Civil liberties groups (among others) have become increasingly concerned about the use of RFIDs to track the movements of individuals. For example, passports will soon be required to contain some sort of RFID device to speed border crossings. Scanners placed throughout an airport, for example, could track the location of every passport over time, from the moment you left the parking lot to the moment you got on your plane.
In June, the Japanese government passed a draft RFID Privacy Guideline that stated the following:
- Indication that RFID tags exist
- Consumers right of choice regarding reading tags
- Sharing information about social benefits of RFID, etc.
- Issues on linking information on tags and databases that store privacy information.
- Restrictions of information gathering and uses when private information is stored on tags
- Assuring accuracy of information when private information is stored on tags
- Information administrators should be encouraged
- Information sharing and explanation for consumers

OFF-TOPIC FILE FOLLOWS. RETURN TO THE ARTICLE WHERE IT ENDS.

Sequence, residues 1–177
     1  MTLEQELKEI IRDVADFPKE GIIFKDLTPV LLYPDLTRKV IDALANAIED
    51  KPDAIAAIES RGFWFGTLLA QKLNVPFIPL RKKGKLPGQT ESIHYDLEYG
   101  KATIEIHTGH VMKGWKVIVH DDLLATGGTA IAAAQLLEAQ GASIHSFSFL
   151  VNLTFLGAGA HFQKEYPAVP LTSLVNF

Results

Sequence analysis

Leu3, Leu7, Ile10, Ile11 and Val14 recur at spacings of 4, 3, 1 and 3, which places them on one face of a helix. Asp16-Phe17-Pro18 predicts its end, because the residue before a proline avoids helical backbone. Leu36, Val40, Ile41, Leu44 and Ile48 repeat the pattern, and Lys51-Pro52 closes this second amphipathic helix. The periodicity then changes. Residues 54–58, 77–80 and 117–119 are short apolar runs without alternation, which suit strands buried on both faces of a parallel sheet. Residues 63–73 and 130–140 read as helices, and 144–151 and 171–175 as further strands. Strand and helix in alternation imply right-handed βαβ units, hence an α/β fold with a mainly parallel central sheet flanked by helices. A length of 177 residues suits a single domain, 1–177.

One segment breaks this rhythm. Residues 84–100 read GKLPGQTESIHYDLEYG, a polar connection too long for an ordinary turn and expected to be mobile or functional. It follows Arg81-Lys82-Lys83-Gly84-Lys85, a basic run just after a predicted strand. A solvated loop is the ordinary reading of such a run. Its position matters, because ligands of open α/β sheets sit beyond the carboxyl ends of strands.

There are also concerns about the fact that, even after you leave the store, any RFID devices in the things you buy are still active. This means that a thief could walk past you in the mall and know exactly what you have in your bags, marking you as a potential victim. A thief could even circle your house with an RFID scanner and pull up data on what you have in your house before he robs it.
Military hardware and even clothing make use of RFID tags to help track each item through the supply chain. Some analysts are concerned that, if there are particular items associated with high-level officers, roadside bombs could be set to go off when triggered by an RFID scan of cars going by.
There was a recent report revealing clandestine tests at a Wal-Mart store where RFID tags were inserted in packages of lipstick, with scanners hidden on nearby shelves. When a customer picked up a lipstick and put it in her cart, the movement of the tag was registered by the scanners, which triggered surveillance cameras. This allowed researchers 750 miles away to watch those consumers as they walked through the store, looking for related items.